A major element of any lease negotiation is the tenant improvement allowance given by the landlord to build-out or renovate a workspace to fit the tenant’s needs. The amount of TI allowance has a significant impact on the negotiated rental rate; which is why you need to carefully choose the company in charge of redesigning your office space ahead of those negotiations, to ensure a decent, tailored to your needs allowance is negotiated. Working with a design company that understands the final cost during the design phase and maintains control of the construction process is essential for you, as a tenant, to realize the advantages of potential cost savings and maximize the utility of your TI allowance budget. To help you better understand how the improvement allowance works, here’s everything you need to know.
What’s in TI allowance?
The scope of work may include architectural, project management, and permitting fees. It should also cover necessary refurbishments such as renewing flooring and base, repainting the walls and changing the doors, replacing or upgrading HVAC systems, demolishing or adding walls, replacing the ceiling grid or lighting, adding built-in workstations or reception desks and more. The contract will define how the allowance is disbursed: It may be paid directly by landlords or refunded to the tenant after she/he pays and presents the receipts to the landlord. The contract may also specify what the TI allowance will cover and the quality of materials and furniture that’ll be used. And this brings us to the next two points:
TI allowance is a notable benefit, and tenants must enter negotiations prepared to haggle hard for it. They need to come to the negotiations table with an accurate estimate of the intended renovation. Otherwise, they could accept a negligible TI allowance only to find the amount enough to cover only electricity, plumbing, and air conditioning. Any other expenses needed to improve the space would then come out of the tenant’s wallet. Consulting our Truspace designers beforehand to get an accurate cost figure can prevent this kind of unpleasant surprise.
Take what’s YOURS!
Tenants may sometimes consider TI allowance a concession or a gift from the landlord, and therefore not be willing to make demands. That’s not true! TI allowances can be written off by the landlord for capital improvement or lease acquisition expenses and are therefore considered a usual cost in the real estate business. With the attitude that TI allowances are rightfully theirs, tenants can negotiate fiercely to secure the best terms for this valuable incentive.
P.S: Rather than seeing extra tenant allowance dollars fly back into the landlord’s pocket, tenants need to secure, through negotiations, the right to keep them for future improvements.
Landlord Control vs Tenant Control
When the landlord takes complete control of the construction process and delivers the completed modified space to the tenant, this is called a “turnkey build-out.” The inherent issue with this approach is that the landlord is going to incorporate a significant amount of contingency expense into the design and construction cost estimate to prevent actual costs from exceeding their forecast. Therefore, except for simple renovations like paint or carpet jobs, it is generally in a tenant’s best interest to refuse the turnkey build-out option in favor of traditional TI allowances, that allow tenants to seek out a proper design company that’ll best serve their interests.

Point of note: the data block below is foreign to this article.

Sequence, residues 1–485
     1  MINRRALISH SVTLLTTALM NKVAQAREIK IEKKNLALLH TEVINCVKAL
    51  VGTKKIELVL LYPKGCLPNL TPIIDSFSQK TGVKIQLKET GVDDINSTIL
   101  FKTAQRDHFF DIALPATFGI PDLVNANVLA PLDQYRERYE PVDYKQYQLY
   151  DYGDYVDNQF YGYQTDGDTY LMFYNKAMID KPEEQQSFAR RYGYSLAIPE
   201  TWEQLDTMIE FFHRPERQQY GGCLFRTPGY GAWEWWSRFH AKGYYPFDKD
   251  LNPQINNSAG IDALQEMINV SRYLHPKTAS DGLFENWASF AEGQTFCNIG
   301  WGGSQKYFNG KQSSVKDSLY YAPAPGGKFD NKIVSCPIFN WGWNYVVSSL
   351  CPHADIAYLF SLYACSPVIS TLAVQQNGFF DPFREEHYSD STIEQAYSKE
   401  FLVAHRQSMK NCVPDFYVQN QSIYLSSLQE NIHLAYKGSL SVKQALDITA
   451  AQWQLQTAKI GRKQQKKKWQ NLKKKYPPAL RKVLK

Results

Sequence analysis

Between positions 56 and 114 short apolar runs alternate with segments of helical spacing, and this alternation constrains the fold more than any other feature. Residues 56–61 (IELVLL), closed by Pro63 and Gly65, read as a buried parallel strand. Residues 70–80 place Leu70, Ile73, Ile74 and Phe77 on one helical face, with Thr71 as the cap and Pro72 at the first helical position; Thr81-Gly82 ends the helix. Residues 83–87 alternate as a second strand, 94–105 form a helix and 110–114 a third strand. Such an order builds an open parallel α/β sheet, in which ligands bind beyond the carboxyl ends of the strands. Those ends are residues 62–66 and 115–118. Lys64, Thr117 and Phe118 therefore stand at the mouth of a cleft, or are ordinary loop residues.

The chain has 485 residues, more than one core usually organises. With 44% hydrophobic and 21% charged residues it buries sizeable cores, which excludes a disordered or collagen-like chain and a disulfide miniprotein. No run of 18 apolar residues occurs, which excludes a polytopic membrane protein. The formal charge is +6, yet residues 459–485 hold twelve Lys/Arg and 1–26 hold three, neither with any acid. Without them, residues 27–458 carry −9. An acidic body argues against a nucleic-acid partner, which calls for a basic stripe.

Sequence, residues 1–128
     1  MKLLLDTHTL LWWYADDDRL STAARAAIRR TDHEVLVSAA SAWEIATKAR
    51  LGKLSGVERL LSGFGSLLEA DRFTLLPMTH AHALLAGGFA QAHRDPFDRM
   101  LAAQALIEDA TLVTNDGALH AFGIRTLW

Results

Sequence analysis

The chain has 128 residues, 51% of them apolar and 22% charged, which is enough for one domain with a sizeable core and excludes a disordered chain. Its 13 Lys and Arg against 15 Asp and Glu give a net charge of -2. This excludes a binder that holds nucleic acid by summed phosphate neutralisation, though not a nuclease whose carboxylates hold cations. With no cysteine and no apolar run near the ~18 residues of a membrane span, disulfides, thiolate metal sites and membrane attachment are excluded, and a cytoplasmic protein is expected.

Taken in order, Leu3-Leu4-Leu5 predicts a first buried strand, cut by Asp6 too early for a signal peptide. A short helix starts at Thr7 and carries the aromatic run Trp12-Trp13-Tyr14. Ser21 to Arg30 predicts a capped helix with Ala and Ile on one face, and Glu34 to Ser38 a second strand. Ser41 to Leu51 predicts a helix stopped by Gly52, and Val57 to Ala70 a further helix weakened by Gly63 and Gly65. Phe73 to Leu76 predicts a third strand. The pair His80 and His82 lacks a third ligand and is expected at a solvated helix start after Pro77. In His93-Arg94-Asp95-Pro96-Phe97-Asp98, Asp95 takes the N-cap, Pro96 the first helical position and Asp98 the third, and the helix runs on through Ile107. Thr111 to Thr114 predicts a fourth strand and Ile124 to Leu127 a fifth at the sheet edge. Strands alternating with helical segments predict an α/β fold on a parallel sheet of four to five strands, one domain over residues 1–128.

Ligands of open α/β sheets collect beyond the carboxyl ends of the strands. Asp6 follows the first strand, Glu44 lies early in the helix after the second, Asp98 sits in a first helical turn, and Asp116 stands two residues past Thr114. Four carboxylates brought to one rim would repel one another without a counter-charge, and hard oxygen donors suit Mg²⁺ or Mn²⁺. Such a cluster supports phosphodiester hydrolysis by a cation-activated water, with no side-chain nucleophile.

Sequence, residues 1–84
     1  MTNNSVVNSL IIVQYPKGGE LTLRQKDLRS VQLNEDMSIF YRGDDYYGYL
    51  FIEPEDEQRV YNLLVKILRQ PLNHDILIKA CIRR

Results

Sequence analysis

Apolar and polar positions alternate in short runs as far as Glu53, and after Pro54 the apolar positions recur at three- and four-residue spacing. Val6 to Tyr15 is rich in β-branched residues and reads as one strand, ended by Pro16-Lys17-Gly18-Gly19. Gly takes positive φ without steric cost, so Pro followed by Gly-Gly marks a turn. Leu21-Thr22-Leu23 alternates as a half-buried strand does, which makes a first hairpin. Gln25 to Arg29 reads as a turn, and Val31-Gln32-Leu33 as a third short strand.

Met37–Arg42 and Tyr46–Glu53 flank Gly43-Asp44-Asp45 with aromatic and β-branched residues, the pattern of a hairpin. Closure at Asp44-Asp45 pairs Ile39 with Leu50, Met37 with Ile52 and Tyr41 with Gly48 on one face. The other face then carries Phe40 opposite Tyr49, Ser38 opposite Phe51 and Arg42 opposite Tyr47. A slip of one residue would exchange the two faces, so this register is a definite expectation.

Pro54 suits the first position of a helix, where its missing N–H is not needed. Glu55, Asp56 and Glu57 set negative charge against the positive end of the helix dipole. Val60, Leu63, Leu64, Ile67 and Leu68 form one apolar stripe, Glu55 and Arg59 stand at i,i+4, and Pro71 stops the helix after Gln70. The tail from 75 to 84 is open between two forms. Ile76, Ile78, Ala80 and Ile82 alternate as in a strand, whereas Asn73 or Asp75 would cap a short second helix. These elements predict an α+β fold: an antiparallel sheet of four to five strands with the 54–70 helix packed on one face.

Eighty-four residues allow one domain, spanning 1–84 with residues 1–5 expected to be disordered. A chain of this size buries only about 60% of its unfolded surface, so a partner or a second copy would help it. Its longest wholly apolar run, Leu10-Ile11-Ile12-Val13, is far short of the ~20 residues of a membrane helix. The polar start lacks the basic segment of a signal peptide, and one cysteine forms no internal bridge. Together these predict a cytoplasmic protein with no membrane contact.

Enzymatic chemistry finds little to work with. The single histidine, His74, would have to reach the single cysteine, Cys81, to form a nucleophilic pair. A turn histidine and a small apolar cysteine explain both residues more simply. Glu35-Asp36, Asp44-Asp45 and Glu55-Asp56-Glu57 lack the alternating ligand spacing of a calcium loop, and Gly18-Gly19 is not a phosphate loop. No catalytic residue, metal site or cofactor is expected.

Be smart with your TI allowance
To get the most out of your TI allowance, you’ll want to be on the lookout for fees that landlords usually charge overhead. These fees will be paid from your TI allowance, and the more your TIA budget is drained by fees, the less you’ll have to spend on the actual renovation work.
Another thing tenant’s need to do is make arrangements for any cost overage beyond the allowance cap. Some landlords will amortize this sum over the terms of the lease, so the tenant doesn’t have to pay for the balance in cash. Many tenants prefer this option.
It is also essential, if you still can, to work with a “professionally minded” landlord who understands the process and avoids those who may be less sophisticated.
To prevent any unpleasant surprise. Truspace will inform you what these unexpected fees are going to be before attending lease negotiations; and if they’re respecting the leasing practice in your area.
Substantial Completion of improvements
Timing for a buildout can be tricky. It’s essential to make sure that the completion date and the usability of your workspace coincide with the start of your rental payments. Many factors may influence the timeline, including permitting, design, construction, etc. It is therefore always important to carefully set the beginning of rental payments as it relates to the completion of the buildout.
As said before, when a project isn’t thoroughly supervised, there is a higher chance for it to go over budget and past its due date. That’s why our team remains continually involved during the construction or renovation phase, substantial completion is therefore anticipated and adapted to your deadline.
Truspace has been providing corporate construction services and has worked on tenant improvement construction projects for many years. Our Design and Construction teams work side by side under one roof, which positively impacts the schedules, budgets and overall success of our projects.